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We Need More Than #Wearblack to Change Society — Let's Hope It's Not Just Hype

Let us stay loud and do more than play dress up and slowly forget what we are wearing and why.

We Need More Than #Wearblack to Change Society — Let's Hope It's Not Just Hype

Ada Kennedy, 7, looks up at her mother as they participate in a protest march for survivors of sexual assault and their supporters in Hollywood, Los Angeles, November 13, 2017. | (Photo: Reuters/Lucy Nicholson)

Democratic Congresswomen have made a pact to wear black to Trump's upcoming State of the Union on Tuesday, January 30th. But it isn't in protest as many might suspect, in fact they've invited everyone in the house to join them. In solidarity with Hollywood's elite's voluntary dress code at the Golden Globes on Sunday, January 7th, Congress will stand in a fashionable silent ode to camaraderie with the victims of sexual misconduct who are rallying in a noisy, albeit long overdue cry of #metoo and #timesup.

I agree with a rally cry for the cessation of abuse of women, of any kind. Unfortunately, I was one of many who have typed the words #metoo. And perhaps it is a touching sentiment, opting for a black $6,000 suit, instead of the plum or burgundy one. But, it seems like another attention getting half-hearted effort to monetize on emotion and a good excuse to shop.

I pray this movement isn't shuffled to the sidelines in some kind of trendy hype, where all of the sudden predators drape in black as if they aren't the problem. And perhaps instead of coalition of black tie privileged half-hearted fist bumping to the latest misfortune; we need a battle cry of real men teaching our boys you don't treat women like this.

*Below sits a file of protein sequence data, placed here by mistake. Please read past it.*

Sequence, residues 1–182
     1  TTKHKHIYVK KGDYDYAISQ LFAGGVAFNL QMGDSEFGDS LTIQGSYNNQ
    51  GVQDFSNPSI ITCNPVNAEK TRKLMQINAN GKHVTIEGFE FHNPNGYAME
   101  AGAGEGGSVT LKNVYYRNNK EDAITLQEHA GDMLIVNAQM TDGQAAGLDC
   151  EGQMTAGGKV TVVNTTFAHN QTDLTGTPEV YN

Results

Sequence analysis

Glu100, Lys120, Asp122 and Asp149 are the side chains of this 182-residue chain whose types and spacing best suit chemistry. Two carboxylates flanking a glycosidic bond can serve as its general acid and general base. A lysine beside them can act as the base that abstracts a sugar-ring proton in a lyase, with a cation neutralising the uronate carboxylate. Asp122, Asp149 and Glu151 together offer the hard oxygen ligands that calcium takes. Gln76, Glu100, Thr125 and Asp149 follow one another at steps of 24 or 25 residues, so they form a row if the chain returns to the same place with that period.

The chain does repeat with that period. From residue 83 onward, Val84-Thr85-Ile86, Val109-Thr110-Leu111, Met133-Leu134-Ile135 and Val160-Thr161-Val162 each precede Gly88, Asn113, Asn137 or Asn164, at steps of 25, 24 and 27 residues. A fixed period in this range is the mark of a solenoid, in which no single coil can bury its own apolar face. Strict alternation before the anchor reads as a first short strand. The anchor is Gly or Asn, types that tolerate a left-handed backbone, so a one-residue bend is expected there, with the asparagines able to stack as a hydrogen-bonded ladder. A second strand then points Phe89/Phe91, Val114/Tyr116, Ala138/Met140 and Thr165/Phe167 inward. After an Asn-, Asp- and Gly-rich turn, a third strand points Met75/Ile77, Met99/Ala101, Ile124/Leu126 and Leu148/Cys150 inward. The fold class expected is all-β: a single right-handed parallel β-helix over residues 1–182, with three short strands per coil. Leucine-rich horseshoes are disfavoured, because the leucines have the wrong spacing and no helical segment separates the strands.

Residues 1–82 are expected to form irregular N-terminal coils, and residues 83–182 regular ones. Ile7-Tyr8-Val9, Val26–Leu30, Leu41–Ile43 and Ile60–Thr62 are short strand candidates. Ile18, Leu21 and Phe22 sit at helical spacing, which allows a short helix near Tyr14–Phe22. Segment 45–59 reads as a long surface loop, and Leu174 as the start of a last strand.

I get it. A yellow ribbon here, a pink one there and suddenly there's a foundation where the CEO makes $4,000,000.00 a year leading the charge for research into why boys grope girls.

Pass.

I am most motivated that we not only call out, fire, and hold accountable the Matt Lauers and Harvey Weinsteins of the world; we make an example of them. How about we teach our children that any person, male or female that uses and abuses another being for their own pleasure or gain, is violating their person and it is never okay.

Furthermore, this is the time we collectively choose to teach a generation, this is not how we behave. This is not how we treat one another. We treat fellow mankind with dignity, respect and purpose. This time, instead of letting the movement turn into a fad, a dress up day, once a year, maybe a month in February, let us make it a code of ethics, a bright line, no one crosses.

Days before Lauer's firing on the "Today" show he was filmed with his co-hosts wandering a hospital hall in gowns and full beards for "No Shave November." A trend created to bring awareness to colorectal cancer. Yes, go get your colon checked. Also, don't assault women in your office. Make cutesie and memorable reminders to tend to things that need tended to. But don't minimize the exploitation of women in the work place with a new outfit or #tshirt.

This time it is too big. This time it is too crucial. This time let us stay loud and do more than play dress up and slowly forget what we are wearing and why.

Jami Amerine M.Ed. is a wife, mom, adoption-foster care advocate, author,
and blogger at sacredgroundstickyfloors.com where she writes about Jesus, life, and "home as sanctuary."

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